35 Crim. Just. & Behavior 5 (2008)

handle is hein.journals/crmjusbhv35 and id is 1 raw text is: 







ASSESSING RISK FOR VIOLENCE

IN   ADOLESCENTS WHO HAVE

SEXUALLY OFFENDED


A   Comparison of the J-SOAP-II,

J-SORRAT-II, and SAVRY




JODI  L. VILJOEN
Simon Fraser University
MARIO SCALORA
LORRAINE CUADRA
SHANNON BADER
VERONICA CHAVEZ
University of Nebraska-Lincoln
DANIEL   ULLMAN
Lincoln Regional Center
LISA  LAWRENCE
Western New England College


As the youth justice system has evolved, clinicians have been increasingly asked to make judgments about the likelihood that
a youth who has committed a sexual offense will reoffend. However, there is an absence of well-validated tools to assist with
these judgments. This study examined the ability of the Juvenile Sexual Offense Recidivism Risk Assessment Tool-II
(J-SORRAT-II), Structured Assessment of Violence Risk in Youth (SAVRY), and Juvenile Sex Offender Assessment
Protocol-II (J-SOAP-II) to predict violent behavior in 169 male youth who were admitted to a residential adolescent sex
offender program. Total scores on the SAVRY and J-SOAP-II significantly predicted nonsexual violence but none of the instru-
ments predicted sexual violence. The J-SOAP-II and SAVRY were less effective in predicting violent reoffending in youth aged
15 and younger than in older youth. The implications of these findings are discussed.

Keywords: risk assessment; violence; sex offending; juvenile; adolescent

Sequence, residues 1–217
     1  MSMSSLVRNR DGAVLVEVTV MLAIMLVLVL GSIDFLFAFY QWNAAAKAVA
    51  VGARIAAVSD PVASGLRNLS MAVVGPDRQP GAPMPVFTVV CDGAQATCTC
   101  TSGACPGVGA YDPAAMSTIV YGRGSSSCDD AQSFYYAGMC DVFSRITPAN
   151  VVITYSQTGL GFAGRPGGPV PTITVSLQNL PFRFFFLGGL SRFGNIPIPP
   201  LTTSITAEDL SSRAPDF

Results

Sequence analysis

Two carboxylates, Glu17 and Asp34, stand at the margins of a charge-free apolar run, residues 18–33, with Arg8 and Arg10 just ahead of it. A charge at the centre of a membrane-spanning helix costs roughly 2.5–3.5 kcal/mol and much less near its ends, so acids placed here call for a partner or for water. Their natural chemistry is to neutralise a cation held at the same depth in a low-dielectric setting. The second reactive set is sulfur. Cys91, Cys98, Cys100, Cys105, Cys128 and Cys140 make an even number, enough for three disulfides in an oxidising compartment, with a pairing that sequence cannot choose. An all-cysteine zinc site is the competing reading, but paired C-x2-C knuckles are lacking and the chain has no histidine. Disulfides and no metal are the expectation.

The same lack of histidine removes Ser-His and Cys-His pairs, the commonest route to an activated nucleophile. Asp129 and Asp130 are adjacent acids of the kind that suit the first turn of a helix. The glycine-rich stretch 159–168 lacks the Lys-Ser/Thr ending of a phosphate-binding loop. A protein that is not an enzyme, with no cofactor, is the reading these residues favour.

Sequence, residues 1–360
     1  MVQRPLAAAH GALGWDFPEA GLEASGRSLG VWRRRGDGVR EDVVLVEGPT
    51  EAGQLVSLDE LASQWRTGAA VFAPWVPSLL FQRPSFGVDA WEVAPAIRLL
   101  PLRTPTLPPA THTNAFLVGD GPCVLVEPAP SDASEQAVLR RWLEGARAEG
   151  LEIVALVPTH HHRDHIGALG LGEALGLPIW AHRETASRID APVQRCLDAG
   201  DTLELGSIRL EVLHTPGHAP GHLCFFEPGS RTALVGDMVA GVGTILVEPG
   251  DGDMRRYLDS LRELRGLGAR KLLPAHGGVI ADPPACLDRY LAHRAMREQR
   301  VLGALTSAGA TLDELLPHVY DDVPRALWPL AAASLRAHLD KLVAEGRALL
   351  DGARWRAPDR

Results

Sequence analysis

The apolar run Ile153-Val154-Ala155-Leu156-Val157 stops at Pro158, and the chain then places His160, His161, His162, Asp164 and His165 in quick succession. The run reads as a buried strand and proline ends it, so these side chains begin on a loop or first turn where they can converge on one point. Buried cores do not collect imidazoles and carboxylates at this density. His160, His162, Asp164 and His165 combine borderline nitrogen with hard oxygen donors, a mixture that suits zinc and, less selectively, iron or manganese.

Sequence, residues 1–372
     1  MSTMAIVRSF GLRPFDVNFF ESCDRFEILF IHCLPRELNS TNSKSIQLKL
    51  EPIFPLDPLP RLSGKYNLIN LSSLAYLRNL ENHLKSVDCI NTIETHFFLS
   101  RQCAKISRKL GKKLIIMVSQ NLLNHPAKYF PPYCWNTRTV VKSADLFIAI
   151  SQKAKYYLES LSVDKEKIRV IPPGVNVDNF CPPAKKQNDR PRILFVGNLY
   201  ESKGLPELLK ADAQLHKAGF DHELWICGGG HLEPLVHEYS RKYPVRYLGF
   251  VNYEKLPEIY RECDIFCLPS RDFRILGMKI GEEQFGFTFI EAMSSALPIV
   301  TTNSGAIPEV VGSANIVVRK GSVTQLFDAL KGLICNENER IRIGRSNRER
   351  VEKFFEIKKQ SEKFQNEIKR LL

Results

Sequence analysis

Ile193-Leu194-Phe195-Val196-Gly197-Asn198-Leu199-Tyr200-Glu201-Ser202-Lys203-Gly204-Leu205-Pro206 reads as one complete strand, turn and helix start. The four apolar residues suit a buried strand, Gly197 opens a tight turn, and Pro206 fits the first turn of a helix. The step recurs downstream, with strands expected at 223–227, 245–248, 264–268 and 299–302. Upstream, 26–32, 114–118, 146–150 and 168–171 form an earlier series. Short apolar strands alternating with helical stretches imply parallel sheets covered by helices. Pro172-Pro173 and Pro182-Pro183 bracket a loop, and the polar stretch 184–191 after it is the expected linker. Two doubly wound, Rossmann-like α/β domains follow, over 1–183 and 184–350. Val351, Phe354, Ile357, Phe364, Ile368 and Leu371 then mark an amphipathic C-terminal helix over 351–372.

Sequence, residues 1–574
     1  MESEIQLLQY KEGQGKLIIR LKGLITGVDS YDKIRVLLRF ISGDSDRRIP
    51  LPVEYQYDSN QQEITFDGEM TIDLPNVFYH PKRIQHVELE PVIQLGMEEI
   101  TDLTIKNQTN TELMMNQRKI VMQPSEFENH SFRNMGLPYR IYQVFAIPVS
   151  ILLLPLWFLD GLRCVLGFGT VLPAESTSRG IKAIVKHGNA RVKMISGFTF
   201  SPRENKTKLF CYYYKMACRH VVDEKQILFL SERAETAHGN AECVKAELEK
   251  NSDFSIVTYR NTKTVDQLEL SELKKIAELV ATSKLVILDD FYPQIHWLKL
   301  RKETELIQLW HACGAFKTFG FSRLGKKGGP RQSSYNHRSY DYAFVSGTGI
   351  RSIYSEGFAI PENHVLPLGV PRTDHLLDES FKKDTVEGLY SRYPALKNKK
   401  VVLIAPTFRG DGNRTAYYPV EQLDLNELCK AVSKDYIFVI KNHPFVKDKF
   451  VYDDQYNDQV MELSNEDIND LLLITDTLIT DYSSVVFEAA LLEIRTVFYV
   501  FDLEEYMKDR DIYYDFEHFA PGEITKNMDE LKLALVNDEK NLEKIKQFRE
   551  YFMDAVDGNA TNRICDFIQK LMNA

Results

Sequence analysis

C linicians   are commonly   asked to make  judgments  about the likelihood that a youth who
     has committed   a sexual offense will reoffend. Courts  often seek  clinicians' opinions
about  a youth's violence risk level in making  decisions about  whether  a youth  should be
transferred to adult court (Kent v. United States, 1966), and in determining appropriate place-
ments  and dispositions (Hoge,  2002). In treatment settings, knowledge  about a youth's risk
is used to assist with treatment planning  by  identifying risk factors that may be targeted


AUTHORS'   NOTE:   This study was supported by a grant from the Woods Charitable Fund, Inc. The authors
would like to thank Larry Cook for his assistance with this project and the staff at Lincoln Regional Center
Correspondence concerning this article should be addressed to Jodi Viljoen, PhD, Department of Psychology,
Simon Fraser University, 8888 University Drive, Burnaby, British Columbia, Canada V5A 1S6; e-mail: jviljoen
@ sfu. ca.
CRIMINAL JUSTICE AND BEHAVIOR, Vol. 35 No. 1, January 2008 5-23
DOI: 10.1177/0093854807307521
0 2008 American Association for Correctional and Forensic Psychology
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